Short Stories. Photos and pictures. Poems even.


Stories from Florence 3/3

Have grace.

We met the two most graceful and beautiful ladies, actually by serendipity.

The hotel’s concierge, Michele, is most accommodating during our stay. He has answers to all of our inquiries. I had a lot of them, mostly work related. One morning I ask about shops where we might find letter papers and possibly even invitations for the forthcoming wedding of our daughter. There is a place right behind the hotel, in the Church of Santa Croce, a shop we must visit. If they don’t have what you are looking for they will make it. Great! He writes a note for us to see Mrs. Laura Gori. It’s the very best leather shop in town. A leather shop? Leather? No, I meant: L-E-T-T-E-R. We laugh. But is it OK if we visit it anyway, it sounds very interesting. Of course, walk toward the Altar and then turn to right into a hallway. End of the hall turn left, and the shop is there. We take the note and start our daily exploring.

The Church is very interesting: It is one of the largest churches in Florence, founded 1294. It houses the funeral monuments of Michelangelo, Galileo, and Machiavelli. Among others. My husband is careful going around the sepulchers on the floor. He does not want to step on anyone’s grave. He is freezing even though he is wearing a thick sweater, a scarf and his leather jacket. His bones are frozen. You always feel the cold when there are spirits around you, I tell. And there are lots of them here! His bones are frozen!

We find the store: Scuola Del Cuoio. A charming gentleman asks if he can help. We are looking for Mrs. Gori. She unfortunately is busy. Very well, we understand, may we look around? There are tables of leather gods, wallets, books. Maybe we could look for a guest book for the wedding! The books they have are too big and not white. But we do find something else, which I cannot mention as the bride-to-be may be reading this. A narrow hallway opens further into the shop. Beautiful old frescos over the doorways and shelves filled with the most beautiful handbags I ever seen in one place. Gorgeous! Behind a desk sits a lady, the gentleman introduces her as Francesca Gori, one of the three sisters who own the business.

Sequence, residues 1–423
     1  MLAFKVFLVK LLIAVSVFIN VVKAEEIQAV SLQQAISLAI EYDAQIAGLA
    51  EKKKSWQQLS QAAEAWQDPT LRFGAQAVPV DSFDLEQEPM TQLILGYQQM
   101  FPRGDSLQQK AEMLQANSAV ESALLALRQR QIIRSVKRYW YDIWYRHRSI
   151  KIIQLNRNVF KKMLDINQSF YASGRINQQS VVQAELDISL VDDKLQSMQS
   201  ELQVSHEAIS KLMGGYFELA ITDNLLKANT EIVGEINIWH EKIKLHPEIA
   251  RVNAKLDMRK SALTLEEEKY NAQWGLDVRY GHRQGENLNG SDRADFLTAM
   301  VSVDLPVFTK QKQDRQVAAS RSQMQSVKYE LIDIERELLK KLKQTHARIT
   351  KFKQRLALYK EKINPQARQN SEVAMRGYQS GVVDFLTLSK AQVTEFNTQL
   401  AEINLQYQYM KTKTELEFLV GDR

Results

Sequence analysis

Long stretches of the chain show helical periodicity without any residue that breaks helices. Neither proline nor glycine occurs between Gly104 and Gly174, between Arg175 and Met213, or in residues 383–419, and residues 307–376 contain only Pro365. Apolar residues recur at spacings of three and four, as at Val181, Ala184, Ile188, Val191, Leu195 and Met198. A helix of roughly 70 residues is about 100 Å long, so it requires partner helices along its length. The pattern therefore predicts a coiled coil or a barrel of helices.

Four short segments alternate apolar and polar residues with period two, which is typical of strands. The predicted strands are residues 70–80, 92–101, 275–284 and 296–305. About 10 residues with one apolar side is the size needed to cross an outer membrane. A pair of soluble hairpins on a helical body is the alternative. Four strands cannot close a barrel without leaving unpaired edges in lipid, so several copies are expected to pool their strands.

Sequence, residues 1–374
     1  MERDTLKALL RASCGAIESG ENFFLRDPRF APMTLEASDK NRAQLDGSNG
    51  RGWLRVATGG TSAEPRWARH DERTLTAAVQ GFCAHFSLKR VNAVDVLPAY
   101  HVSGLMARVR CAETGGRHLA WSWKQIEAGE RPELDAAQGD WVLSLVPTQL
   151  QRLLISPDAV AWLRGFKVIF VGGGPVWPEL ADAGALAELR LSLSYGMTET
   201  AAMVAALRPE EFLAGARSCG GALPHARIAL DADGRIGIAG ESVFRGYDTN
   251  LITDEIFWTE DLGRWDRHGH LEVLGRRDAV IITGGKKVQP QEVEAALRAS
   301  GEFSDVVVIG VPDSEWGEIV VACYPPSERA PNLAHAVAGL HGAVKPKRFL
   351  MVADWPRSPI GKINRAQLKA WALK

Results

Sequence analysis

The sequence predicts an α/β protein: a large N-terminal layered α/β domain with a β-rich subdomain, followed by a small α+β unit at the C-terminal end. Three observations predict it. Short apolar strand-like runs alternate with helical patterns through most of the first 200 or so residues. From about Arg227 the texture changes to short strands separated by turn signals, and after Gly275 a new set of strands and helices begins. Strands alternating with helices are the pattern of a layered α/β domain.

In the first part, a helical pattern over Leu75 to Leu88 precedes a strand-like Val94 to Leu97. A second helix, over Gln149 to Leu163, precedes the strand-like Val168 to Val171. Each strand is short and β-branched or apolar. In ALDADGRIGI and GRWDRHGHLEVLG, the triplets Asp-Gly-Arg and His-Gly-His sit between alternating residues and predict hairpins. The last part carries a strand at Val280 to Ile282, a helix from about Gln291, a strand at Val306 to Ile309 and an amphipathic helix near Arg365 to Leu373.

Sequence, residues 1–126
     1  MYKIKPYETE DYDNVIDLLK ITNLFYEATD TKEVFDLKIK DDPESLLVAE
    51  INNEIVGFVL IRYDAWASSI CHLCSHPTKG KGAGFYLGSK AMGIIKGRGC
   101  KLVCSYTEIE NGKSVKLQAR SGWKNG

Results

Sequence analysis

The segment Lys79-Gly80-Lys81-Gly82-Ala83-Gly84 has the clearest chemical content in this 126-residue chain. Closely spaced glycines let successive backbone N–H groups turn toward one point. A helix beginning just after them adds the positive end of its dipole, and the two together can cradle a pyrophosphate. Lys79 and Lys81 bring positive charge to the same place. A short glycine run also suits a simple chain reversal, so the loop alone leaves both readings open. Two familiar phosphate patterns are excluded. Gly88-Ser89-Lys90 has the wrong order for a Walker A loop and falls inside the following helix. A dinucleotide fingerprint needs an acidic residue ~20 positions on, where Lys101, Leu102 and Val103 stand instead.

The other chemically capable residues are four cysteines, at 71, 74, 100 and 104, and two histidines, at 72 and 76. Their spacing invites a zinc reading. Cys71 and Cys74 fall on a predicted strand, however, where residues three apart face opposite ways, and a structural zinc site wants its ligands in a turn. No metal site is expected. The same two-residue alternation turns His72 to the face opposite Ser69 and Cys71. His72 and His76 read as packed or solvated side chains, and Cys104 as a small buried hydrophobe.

She puts down the bag she is decorating and greets us warmly. Graceful and elegant, with that confidence of an Italian woman. She tells about the work she is doing and about her family. While the men continue their conversation, I cannot but admire her work which is displayed on the glass shelves. I don’t even dare to ask the cost of them. If I could afford a bag I’m sure I could not come up with money for a new wardrobe to go with them! The hand bags are colorful, contemporary and not stuffy, with beads, embroidery and silver. Little bags like jewelry boxes. Lavender, orange, any color. Just gorgeous! She is in no rush. Her sister, Laura joins us. Short silver hair, a classic beauty. Aaah, she says, Michele likes to send his guest to her so she can give 10% discount, she smiles coyly. We laugh. We three continue talking, they guessed my accent, they have a friend in Rome with the same tone of voice. I’m so taken by their elegance and warmness; I could linger here forever! If I only could capture a pinch of it for myself! A memorable hour.


We learn about the monks’ quarters, where the showcases are now. We watch a lady clue bag straps, a young man initial a purchase. So interesting! Time to pick up our leather goods and pay. I pick up a magazine “News , Scuola Del Cuoio” to read more. Please, says Laura, I was planning to GIVE it to you. Thank you! I will pick up stories from there to share with you. Oh, and let me have one of those bangles for my daughter-in-law and my eyes just cannot stop rolling around the room!